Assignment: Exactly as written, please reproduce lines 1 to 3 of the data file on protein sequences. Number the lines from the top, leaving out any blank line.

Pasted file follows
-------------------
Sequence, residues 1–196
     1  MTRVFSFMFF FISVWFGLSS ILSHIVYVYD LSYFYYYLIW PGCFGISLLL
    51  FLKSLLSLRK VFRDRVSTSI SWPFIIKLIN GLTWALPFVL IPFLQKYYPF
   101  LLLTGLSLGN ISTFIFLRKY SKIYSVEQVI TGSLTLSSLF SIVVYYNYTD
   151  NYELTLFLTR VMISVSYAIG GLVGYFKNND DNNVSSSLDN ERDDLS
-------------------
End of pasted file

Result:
Sequence, residues 1–196
     1  MTRVFSFMFF FISVWFGLSS ILSHIVYVYD LSYFYYYLIW PGCFGISLLL
    51  FLKSLLSLRK VFRDRVSTSI SWPFIIKLIN GLTWALPFVL IPFLQKYYPF